Thursday, September 17, 2015

It's The End of the Anglcan Communion As we Know It - And I feel Fine

And Lenny Bruce is not afraid...

Like all GenXers, Crusty Old Dean prides himself on knowing when, exactly, to shout "LEONARD BERNSTEIN!" during the REM song "It's the End of the World As We Know It...And I Feel Fine." For COD, the key phrase in that song title has always been "as we know it."  The band isn't saying the
It's not the REM way. Let's recycle these shards!
world is ending, only the world as we know it, which is true.  The world as we know it is ending and changing all the time.  For example, as the song itself points out,  we sadly don't live in a world with Lenny Bruce or Lester Bangs anymore.  Yet also in the title, and in the manic exuberance of the song, there's also a sense of resignation, or outright relief, or even rejoicing, that world as we know it is ending -- because we feel fine.

This is what Crusty thought when he read the Archbishop of Canterbury's call for a meeting of the Primates of the Anglican Communion in Janury of 2016, which can be found here:  It's the end of the Anglican Communion as we know it, and I feel fine. In his call the Archbishop noted the need to "consider recent developments but also look afresh at our ways of working as a Communion."  He also wrote of the "way in which proclamation [of the gospel] happens and the pressures on us vary greatly between Provinces. We each live in a different context."  Notably, the call for a primates' meeting also includes the Archbishop of the Anglican Church in North America, who will be invited to part of the gathering.

Some parts of the Anglican world melted down quickly, with (surprise!) the Guardian in the UK producing the hyperventilating headline that the Archbishop was "urging the breakup" of the Anglican Communion.  Some parts of the Communion greeted this with a shrug.

Crusty welcomes this announcement, for several reasons.

1)  As Gram Parsons once sang, "It's time to stop pretending things are real."  We do not need to be concerned about some sort of split or schism:  it has already happened.  It give me no pleasure to state that, but it's reality.  A third of the Primates did not attend the last meeting in 2011, hundreds of bishops did not attend the Lambeth Conference in 2008.  An alternate communion, the Global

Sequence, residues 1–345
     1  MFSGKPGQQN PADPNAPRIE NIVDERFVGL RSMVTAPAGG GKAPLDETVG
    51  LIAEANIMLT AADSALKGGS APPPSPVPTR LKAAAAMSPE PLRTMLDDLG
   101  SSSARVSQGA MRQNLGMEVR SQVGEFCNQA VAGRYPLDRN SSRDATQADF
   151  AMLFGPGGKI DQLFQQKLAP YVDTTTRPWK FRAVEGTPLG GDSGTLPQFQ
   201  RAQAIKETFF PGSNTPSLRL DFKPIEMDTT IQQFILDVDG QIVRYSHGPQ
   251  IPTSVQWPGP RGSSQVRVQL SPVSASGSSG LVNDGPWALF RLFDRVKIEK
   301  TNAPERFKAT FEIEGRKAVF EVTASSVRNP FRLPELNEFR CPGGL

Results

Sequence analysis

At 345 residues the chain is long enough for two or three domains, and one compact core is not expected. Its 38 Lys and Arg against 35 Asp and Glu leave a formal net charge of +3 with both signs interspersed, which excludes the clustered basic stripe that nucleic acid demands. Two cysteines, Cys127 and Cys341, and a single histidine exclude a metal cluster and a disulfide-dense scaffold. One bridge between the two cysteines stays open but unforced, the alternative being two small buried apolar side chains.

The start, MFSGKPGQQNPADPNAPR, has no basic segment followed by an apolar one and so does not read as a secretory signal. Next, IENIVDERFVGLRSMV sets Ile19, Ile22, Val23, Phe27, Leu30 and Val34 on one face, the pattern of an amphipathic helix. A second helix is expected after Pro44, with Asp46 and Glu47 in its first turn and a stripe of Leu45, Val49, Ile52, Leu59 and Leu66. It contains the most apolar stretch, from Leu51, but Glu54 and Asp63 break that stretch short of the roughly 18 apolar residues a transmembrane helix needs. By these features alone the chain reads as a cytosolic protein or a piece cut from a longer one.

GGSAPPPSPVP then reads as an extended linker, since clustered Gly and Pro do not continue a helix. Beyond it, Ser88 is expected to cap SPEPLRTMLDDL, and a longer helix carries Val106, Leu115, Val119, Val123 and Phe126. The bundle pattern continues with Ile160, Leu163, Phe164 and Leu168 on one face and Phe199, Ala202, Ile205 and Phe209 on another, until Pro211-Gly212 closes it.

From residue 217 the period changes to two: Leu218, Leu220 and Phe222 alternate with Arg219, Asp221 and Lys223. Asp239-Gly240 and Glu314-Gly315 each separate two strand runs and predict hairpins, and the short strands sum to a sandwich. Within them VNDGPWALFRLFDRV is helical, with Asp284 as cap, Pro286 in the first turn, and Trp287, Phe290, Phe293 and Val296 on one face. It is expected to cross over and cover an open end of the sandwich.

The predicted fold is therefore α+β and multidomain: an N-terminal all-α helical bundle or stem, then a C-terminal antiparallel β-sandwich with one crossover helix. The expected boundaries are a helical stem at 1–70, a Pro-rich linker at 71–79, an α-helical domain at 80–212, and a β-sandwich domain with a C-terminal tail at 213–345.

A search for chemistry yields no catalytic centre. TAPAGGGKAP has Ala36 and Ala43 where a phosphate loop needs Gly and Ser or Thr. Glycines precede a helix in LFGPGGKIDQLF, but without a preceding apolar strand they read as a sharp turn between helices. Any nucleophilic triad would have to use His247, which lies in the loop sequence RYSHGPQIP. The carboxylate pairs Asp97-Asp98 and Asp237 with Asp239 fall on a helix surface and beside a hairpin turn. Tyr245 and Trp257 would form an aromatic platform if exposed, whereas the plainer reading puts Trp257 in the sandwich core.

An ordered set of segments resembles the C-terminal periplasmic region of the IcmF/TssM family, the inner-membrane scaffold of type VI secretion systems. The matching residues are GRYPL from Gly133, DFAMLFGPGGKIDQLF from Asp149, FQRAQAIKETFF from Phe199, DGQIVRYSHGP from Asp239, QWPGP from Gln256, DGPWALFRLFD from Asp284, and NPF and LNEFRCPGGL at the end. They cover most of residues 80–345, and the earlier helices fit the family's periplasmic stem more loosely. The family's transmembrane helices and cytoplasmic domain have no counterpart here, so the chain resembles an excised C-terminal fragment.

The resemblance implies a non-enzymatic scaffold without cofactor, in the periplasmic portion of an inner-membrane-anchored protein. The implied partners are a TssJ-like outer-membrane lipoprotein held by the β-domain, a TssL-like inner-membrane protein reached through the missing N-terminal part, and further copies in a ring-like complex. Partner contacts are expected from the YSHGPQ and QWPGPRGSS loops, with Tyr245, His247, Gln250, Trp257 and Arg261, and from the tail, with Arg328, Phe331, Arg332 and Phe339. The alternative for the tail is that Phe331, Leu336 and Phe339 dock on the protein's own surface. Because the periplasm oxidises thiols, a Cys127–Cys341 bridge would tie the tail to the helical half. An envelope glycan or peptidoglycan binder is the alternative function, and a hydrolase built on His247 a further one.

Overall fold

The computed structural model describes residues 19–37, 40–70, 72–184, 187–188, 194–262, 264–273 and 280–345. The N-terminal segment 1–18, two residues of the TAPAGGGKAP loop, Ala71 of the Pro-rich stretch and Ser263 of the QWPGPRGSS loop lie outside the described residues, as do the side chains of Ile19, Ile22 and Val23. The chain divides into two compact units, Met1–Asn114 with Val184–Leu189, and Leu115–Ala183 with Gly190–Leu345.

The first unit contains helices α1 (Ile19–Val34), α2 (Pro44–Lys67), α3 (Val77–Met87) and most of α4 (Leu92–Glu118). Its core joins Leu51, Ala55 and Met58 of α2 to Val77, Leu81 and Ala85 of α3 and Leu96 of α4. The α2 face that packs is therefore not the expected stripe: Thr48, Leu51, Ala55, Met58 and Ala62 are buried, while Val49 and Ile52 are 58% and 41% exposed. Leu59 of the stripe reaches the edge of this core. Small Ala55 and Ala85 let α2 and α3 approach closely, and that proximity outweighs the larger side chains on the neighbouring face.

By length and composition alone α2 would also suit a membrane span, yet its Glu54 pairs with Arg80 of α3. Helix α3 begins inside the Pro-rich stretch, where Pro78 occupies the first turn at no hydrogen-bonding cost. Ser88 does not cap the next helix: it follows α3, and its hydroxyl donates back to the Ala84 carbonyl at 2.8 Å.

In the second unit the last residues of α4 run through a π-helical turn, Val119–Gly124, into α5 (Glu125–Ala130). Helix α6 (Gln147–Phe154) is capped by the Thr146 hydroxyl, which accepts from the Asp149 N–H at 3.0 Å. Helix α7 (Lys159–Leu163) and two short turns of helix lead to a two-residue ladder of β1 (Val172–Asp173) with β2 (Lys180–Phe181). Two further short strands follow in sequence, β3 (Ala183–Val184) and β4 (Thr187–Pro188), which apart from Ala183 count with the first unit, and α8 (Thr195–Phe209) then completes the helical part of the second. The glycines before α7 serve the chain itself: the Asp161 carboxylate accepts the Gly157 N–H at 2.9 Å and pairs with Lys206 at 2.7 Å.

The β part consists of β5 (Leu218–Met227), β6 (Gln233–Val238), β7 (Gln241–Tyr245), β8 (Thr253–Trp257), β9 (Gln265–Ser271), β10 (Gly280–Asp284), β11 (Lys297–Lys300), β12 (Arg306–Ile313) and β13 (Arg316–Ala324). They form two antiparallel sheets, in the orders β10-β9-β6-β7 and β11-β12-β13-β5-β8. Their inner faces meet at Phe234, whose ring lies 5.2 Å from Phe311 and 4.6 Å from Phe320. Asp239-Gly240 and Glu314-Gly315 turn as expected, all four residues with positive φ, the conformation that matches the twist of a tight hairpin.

Grievous Angel with Emmylou Harris -- sounds of angelic choirs.
Anglican Futures Conference (GAFCON) has already held several global gatherings, set up its own relief and development agency, and has talked about missionary work in other parts of the Anglican Communion.  There are at least half a dozen foreign provinces operating some kind of franchise in various parts of Canada and the United States.

And this division is not solely about human sexuality; we have had impaired communion for over forty years, since the ordination of women began in some provinces in the 1970s.  Hell, until the Church of England authorized the service of women as bishops, clergy ordained by women bishops were not eligible to serve in the Church of England.  The separation has been brewing for nearly forty years.

2)  The Anglican Communion is a lot more recent than we think.  Prior to 1867, there wasn't even any kind of mechanism for people in the Anglican world to get together.  From 1867-1960s, all we had was a once-every-ten-years bishop's conference that had no binding authority.  Starting in the 1960s, we had the Anglican Consultative Council, which coordinated ministries among the Communion but had no governing authority over member provinces.  Starting in 1979 we had the Primates' meeting.  The Anglican Communion, as a concept, is barely a generation old.  That doesn't mean outward signs of unity and coordination of ministries are not important -- just that we keep in mind we have done this in different ways over the past 500 years, and perhaps this can be part of visioning for how we can model how to cooperate and collaborate. 

3)  The Anglican Communion, if anything, is the last vestige of colonialism.  Can we really be taken seriously as a global communion when our titular head has to be a subject of the British crown?  Any male in good standing in the Catholic Church can, in theory, be elected Pope, and they elected an Argentine from the Global South.  For all of our huffing about ourselves as global church, the Englishness is still written into our systems.  From 1534-1789 there was exactly one province of the Anglican Communion -- the Church of England.  From 1789-1869, there were two  -- the Protestant Episcopal Church in the United States of America and the Church of England -- until the Church of Ireland was disestablished and became a separate province.  (The Scottish Episcopal Church was duly ignored as a kind of aunt locked in the attic.  The Canadian church started holding synods in the 1850s and was granted self-governance, but didn't hold its first General Synod until 1893.) The formation of the structures of the communion in the 1960s were a direct result of postcolonialism and the creation of new provinces in the 20th century from former British colonial possessions.  We had to come up with something to hold this disparate group together other than being former members of the British Empire.  And hey: we did a pretty good job at it!  The Anglican Communion is widely dispersed, majority non-European descent, and has taken root in many places that were never part of the British Empire.  But the structures created are still heavily Western and European centered.